Developer figures out how to offer discounted iOS app upgrades, within Apple’s rules

appstoreOne of the bees in developers’ bonnets when it comes to Apple’s App Stores for iOS and Mac is the inability to offer cheaper prices on new versions of an app for people who are upgrading from an earlier version. Right now, developers can only offer paid upgrades by charging full price for a new version of the app, which can garner negative reviews from existing users.

The Omni Group, makers of OmniFocus, OmniGraffle and other apps, tried to offer upgrade pricing for its Mac App Store software through a special upgrade app, but were told to stop by Apple.

Now, Seattle-based developer Michael Burford thinks he’s figured out how to make it possible.

For users of his FTP on the Go Pro app, he’s offering special upgrade pricing for the app’s all-new iOS 7 paid upgrade through in-app purchases. Users who have the first version of FTP on the Go Pro already installed on their iPhone or iPad can pick up the complexly named “FTP on the Go Pro Upgrade for iOS 7” app, which will then — after checking to make sure users have the original app already installed — offer an in-app purchase to unlock the full version of that app for only $4.99, rather than the standard $9.99.

Of course, that means that Burford needs to add yet another version of his app to the App Store catalog, but it seems like a small price to pay for being able to offer cheaper upgrades to loyal users.

For anyone who wants to follow his lead, Burford outlines the approach in five steps on his blog.

Because his method doesn’t go outside the App Store to provide upgrades, Burford feels pretty confident that he’ll be able to continue using it, considering that the Omni Group’s approach seems to have been nixed because they were handling upgrades outside of the App Store ecosystem.

Even that may be a long shot, though. When Apple updated Logic Pro, its professional-grade audio software, it just released a new version through the Mac App Store for $200, and didn’t offer upgrade pricing for any of its users, something that it has done in the past when it didn’t sell Logic through the Mac App Store. It would seem that if Apple has an official stance on upgrade pricing, that stance is to just charge full price for the new app.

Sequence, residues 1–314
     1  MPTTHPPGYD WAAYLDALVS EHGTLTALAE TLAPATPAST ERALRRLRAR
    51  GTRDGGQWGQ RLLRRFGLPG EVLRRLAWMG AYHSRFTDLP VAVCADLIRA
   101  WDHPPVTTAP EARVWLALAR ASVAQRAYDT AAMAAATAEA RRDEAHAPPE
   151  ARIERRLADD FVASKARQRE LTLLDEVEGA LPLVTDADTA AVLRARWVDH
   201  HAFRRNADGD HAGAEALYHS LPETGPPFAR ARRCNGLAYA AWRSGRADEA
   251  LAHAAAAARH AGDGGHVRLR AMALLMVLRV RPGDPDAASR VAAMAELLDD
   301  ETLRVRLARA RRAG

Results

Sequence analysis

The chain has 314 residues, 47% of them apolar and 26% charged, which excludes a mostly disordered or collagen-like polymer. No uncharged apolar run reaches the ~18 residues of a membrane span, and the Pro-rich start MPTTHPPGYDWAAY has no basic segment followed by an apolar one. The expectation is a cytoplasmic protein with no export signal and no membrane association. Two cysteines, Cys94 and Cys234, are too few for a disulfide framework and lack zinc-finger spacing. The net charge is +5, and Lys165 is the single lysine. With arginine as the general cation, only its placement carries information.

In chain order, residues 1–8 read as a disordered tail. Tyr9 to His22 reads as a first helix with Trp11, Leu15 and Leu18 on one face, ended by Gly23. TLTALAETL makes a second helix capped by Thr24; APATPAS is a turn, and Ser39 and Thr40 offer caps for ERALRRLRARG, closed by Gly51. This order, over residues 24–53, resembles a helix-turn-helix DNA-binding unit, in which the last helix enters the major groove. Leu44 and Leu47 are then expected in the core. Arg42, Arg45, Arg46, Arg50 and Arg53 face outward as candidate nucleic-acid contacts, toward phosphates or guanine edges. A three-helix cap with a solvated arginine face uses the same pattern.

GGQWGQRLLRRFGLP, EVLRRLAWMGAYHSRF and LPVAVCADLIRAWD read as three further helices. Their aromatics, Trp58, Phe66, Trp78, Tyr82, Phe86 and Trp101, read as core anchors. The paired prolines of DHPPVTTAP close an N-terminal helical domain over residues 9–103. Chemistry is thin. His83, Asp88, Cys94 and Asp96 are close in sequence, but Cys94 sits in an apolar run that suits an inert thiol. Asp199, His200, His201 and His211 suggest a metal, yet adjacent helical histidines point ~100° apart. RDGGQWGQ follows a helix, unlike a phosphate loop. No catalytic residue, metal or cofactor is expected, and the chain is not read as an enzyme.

If Burford’s plan sticks, though, there’s a chance it could usher in a new age of App Store upgrades, and lower prices for loyal users.

  • http://blog.CascadeSoft.net @CascadeRam

    In some ways, this is a good technique and it does workaround the upgrade-pricing problem.
    Unfortunately, it also results in fragmentation. Using this approach means that the first upgrade will result in three different apps instead of one. The next upgrade will increase the number to four or five (unless the original/first version of the app is removed).
    Fragmentation results in problems like reviews being lost, search ranking being lowered (ranking is influenced by total-download-count) etc.

    Anyway, I’m glad Michael is trying to address the problem and I wish him success. I hope news reports (like this Geekwire column) nudge Apple into supporting upgrade-pricing.

    • Peter Burford

      (I work for @HeadlightApps, so I’m both vested and biased…)
      Mike wrote a follow-up and discusses fragmentation among other issues/problems: http://michael.burford.net/2013/09/geekwire-article.html
      If we were 100% sure the upgrade system would be allowed then we could have consolidated everything into a single new app (reduces the problem but doesn’t solve it). But there still is a chance Apple will remove the upgrade version from sale in which case we have to resort to full-price-for-everyone…sorry, we tried. (As OmniGroup has done with their ios7 release.) And we had to prepare for that possibility.